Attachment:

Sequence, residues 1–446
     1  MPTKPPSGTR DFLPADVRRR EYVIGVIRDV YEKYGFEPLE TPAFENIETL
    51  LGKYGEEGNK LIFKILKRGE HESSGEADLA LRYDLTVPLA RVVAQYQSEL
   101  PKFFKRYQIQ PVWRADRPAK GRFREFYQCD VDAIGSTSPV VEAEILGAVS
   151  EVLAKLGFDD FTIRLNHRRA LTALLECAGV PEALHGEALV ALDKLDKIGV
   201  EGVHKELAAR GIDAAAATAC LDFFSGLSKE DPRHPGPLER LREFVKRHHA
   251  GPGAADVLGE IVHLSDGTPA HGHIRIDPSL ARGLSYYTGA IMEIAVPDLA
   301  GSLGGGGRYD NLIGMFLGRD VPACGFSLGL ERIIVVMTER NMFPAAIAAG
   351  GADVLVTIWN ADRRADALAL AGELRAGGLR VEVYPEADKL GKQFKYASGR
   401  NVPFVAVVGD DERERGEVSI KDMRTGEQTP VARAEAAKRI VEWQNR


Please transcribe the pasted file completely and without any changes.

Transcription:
Sequence, residues 1–446
     1  MPTKPPSGTR DFLPADVRRR EYVIGVIRDV YEKYGFEPLE TPAFENIETL
    51  LGKYGEEGNK LIFKILKRGE HESSGEADLA LRYDLTVPLA RVVAQYQSEL
   101  PKFFKRYQIQ PVWRADRPAK GRFREFYQCD VDAIGSTSPV VEAEILGAVS
   151  EVLAKLGFDD FTIRLNHRRA LTALLECAGV PEALHGEALV ALDKLDKIGV
   201  EGVHKELAAR GIDAAAATAC LDFFSGLSKE DPRHPGPLER LREFVKRHHA
   251  GPGAADVLGE IVHLSDGTPA HGHIRIDPSL ARGLSYYTGA IMEIAVPDLA
   301  GSLGGGGRYD NLIGMFLGRD VPACGFSLGL ERIIVVMTER NMFPAAIAAG
   351  GADVLVTIWN ADRRADALAL AGELRAGGLR VEVYPEADKL GKQFKYASGR
   401  NVPFVAVVGD DERERGEVSI KDMRTGEQTP VARAEAAKRI VEWQNR